ON THE RAZZLE, presented by and performs at Theatre West, 3333 Cahuenga Blvd. Los Angeles (Universal City adjacent) until November 2nd. Showtimes are Friday and Saturday nights at 8:00 PM, with Sunday matinees at 2:00 PM.
For reservations and for further information, call (323) 851-7997, or via online at http://www.TheatreWest.org
Santa Monica’s Morgan-Wixson Theatre opens their 2014-15 season with Michael Frayn’s comical farce, NOISES OFF, a play within a play about a rag tag theater company attempting to stage a “serious sex comedy” with the misfortune that if something is going to go wrong, it already has!
The setting is a middle sized theater located in a median British community. It’s the final dress rehearsal for a play called Nothing On where it would open the next evening. The play itself is supposed to be a bedroom comedy of some sort. The cast of actors appearing in this stage “masterpiece” consists of Dotty (Joanna Churgin) who plays the housekeeper, Mrs. Clackett. Garry Lejeune (Scott Gerard) plays Roger Tramplemain, a real estate agent in charge of renting the home who brought along Vicki, played by Brook Ashton (Ellie Jepperson) for a little romp in bed. Philip and Flavia Brent, the owners of the home as played by Frederick Fellowes and Belinda Blair (David Harloch and Megan Blakeley) arrive back secretly to do the same thing that Roger and Vicki are doing. Adding to these sexual escapades is a seasoned burglar as portrayed by Selsdon Mowbray (Don Warburton) who plans to clean the place out of the home’s valuables. But this play isn’t about Nothing On, but the attempt to present Nothing On on stage! Director Lloyd Dallas (Raymond Donahey) knows he has his hands full as his cast can’t seem to get their cues right, as well as anything else! WIth his wits to hold on to and his patience deep at stake, his sole moral support is the flimsy “comfort” of assistant stage manager Poppy (Taylor Pyles) and the overworked theater carpenter and stage manager Tim (Jeffrey McCrann). The motley crew of players carries on with their stage showpiece where nothing can possibly go wrong…or is anyone speaking too soon?
This modern classic by playwright Michael Frayn has anything and everything one would ever want in a British comedy. It contains all of the stock elements featuring characters franticly running in and out of doors, mistaken and flubbed stage cues, sexual innuendoes about, and the ever classic scantly clad folks, from dropped pants about to underwear becoming outerwear! All of its laughs come from the physical movement that goes on in full force (especially in the second act) where it plays very much to a live action cartoon! The cast of nine that appear in this show keeps their humor level in total high gear. Even players such as Jeffrey McCrann as Tim, and Taylor Pyles as Poppy, are just as humorous equal to droll characters. (They play the behind the stage folks!) The “stage” team of actors have all of the better and best physical “lines” that are physically “spoken”! That is, they move just as fast and furious in attempts to get their leading parts corrected! Director William Wilday (the actual director of this show as to the one played on stage) keeps things moving abreast that give this work high marks for laugh out loud comedy!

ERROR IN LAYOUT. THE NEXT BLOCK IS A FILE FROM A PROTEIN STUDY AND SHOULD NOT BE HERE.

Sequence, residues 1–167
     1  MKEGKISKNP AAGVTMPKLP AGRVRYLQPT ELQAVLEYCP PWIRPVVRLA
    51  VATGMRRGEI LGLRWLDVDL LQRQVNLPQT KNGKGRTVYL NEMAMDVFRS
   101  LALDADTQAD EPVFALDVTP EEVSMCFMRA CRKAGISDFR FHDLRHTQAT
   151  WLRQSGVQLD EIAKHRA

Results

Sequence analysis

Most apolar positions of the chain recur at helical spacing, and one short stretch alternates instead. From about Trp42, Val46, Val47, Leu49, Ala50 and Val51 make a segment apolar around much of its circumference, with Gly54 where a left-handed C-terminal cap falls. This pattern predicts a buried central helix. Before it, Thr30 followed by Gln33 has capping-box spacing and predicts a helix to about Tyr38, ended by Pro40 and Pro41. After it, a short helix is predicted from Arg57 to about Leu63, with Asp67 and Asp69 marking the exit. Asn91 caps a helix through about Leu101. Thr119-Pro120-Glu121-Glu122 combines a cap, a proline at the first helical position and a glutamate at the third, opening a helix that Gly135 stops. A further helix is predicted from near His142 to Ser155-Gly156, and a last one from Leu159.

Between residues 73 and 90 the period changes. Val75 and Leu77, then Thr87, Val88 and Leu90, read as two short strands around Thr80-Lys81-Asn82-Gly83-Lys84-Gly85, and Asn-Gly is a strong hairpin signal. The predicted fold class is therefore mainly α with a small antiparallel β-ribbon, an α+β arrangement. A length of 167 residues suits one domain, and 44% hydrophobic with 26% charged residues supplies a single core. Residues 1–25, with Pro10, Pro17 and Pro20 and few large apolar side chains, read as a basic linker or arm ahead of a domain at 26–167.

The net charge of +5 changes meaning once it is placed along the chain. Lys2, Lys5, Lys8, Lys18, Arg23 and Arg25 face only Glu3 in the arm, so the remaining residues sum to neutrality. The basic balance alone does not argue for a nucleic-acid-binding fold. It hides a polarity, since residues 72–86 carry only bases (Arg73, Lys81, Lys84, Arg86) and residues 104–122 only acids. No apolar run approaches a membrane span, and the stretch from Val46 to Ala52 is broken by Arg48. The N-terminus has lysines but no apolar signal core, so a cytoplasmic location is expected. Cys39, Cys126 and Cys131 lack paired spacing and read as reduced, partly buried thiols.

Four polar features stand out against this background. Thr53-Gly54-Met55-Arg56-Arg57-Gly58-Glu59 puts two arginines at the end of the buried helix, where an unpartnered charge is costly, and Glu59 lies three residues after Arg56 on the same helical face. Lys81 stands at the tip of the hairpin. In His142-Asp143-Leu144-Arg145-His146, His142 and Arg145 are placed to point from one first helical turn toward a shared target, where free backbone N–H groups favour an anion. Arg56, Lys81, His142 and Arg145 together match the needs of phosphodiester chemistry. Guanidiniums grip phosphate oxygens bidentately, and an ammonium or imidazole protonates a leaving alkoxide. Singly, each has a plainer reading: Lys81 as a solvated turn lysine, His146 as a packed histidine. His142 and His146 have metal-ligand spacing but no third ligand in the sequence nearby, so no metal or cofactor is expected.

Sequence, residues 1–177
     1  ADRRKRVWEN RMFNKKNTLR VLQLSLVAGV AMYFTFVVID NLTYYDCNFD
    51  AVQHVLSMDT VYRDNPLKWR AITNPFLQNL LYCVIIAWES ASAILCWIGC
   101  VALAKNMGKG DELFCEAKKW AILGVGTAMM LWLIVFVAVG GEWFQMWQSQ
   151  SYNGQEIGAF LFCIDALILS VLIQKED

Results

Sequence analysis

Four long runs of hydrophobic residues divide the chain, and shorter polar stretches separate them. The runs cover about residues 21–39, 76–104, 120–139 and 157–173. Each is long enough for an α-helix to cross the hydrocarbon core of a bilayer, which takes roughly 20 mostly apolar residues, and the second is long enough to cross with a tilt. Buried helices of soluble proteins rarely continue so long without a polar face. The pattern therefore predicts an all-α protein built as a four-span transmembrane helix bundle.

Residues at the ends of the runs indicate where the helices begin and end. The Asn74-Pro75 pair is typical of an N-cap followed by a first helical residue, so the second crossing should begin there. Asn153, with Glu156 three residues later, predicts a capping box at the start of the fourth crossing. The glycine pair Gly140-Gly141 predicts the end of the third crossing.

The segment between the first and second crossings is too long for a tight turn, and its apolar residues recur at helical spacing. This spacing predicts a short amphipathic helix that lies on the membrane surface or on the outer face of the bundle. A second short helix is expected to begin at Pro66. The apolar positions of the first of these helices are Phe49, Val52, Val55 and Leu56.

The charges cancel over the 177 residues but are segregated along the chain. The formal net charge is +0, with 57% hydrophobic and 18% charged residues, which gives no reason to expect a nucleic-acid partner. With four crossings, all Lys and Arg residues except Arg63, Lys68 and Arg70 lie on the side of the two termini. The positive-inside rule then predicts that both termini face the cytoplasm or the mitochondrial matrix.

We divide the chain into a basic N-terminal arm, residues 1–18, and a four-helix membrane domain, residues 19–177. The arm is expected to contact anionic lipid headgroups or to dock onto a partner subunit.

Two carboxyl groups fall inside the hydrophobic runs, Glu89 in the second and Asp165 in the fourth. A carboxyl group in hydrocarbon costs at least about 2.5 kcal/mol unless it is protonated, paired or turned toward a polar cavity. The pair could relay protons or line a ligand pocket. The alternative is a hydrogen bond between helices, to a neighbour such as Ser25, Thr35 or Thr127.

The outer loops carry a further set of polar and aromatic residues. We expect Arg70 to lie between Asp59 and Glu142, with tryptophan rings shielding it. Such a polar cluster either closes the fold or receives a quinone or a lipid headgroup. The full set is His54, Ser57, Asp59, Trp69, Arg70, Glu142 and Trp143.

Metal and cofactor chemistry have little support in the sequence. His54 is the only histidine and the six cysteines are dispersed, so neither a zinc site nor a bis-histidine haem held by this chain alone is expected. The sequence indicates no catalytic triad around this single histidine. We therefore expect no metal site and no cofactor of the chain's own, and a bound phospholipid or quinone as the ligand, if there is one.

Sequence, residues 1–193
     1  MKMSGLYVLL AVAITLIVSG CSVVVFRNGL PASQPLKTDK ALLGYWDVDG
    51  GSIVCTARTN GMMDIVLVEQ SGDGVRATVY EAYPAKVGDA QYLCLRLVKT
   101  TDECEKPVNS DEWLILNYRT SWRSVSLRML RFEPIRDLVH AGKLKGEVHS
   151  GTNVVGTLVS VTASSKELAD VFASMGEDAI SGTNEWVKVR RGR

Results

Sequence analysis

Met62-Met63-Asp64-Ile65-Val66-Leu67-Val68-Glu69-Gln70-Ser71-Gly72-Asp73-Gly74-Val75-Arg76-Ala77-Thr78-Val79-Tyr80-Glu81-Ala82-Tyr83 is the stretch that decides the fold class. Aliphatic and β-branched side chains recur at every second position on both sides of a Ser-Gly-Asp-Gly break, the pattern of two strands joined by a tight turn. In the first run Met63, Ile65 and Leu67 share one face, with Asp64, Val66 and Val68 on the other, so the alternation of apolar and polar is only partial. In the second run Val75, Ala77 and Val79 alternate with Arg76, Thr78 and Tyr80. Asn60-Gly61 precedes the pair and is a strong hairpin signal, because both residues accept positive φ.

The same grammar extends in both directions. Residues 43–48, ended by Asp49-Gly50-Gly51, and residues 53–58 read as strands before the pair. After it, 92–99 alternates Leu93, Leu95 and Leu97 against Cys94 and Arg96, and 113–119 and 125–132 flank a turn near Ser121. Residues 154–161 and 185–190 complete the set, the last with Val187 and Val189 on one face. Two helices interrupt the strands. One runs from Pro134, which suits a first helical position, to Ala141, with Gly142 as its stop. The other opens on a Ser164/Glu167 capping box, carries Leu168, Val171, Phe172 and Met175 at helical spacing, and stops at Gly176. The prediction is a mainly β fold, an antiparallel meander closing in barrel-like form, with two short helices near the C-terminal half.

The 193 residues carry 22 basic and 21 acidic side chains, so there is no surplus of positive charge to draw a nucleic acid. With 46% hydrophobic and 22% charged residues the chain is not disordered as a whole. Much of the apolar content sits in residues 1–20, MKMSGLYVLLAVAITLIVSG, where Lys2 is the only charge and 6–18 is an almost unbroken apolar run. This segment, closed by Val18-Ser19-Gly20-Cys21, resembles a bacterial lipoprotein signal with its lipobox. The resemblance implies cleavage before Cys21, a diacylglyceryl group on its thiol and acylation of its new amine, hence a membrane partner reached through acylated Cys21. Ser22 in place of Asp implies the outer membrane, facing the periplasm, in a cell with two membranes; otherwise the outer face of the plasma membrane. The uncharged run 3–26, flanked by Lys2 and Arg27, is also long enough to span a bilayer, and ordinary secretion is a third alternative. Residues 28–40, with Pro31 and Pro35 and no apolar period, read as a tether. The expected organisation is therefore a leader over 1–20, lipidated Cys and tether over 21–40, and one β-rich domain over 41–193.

In addition to his directing skills, Wilday also takes charge of the lighting design as well as the lavish set backdrop, comporting of the stage setting for Nothing On; a two story facade consisting of a set of six or so doors on the upper and lower level with a balcony for the upper level, as to its back side that plays as the show’s backstage! (Seen in its second act!)
NOISES OFF is just as funny and laughable when seen for the first time, or as seen again for its second, third, and for multiple viewings! It never gets tired, just better than ever! And on the The Morgan-Wixson Theatre stage, the comical antics still prevail! It’s as easy as opening a can of sardines, but funnier and a lot less greasier!
NOISES OFF, presented by the Morgan-Wixson Theatre Guild, and performs at the Morgan-Wixson Theatre, 2627 Pico Blvd, Santa Monica, until October 19th. Showtimes are Friday and Saturday nights at 8:00 PM, and Sunday afternoons at 2:00 PM.
For reservations or for more information, call (310) 828-7519, or online at http://www.Morgan-Wixson.org. The MWT is also present on all the standard social media platforms. (Facebook, Twitter, and YouTube.)
TIFFI’S FRIENDS SAY…
(As posted on her Facebook “wall”)
Today was quite a day. There was vodka. Thank God for that.
Carpenters are in my condo installing custom bookcases to turn an odd-shaped little nook into a library.
I am THIS close to making brownies. Someone please stop me.
I know nobody will see my status, but sometimes when I am bored…I go into the garden, and I cover myself in soil to pretend I’m a carrot.
The Royals made the playoffs?
As of September 29th, Tiffi has 2,305 Facebook “friends” and counting!
WRITE TO US!!
ACCESSIBLY LIVE OFF-LINE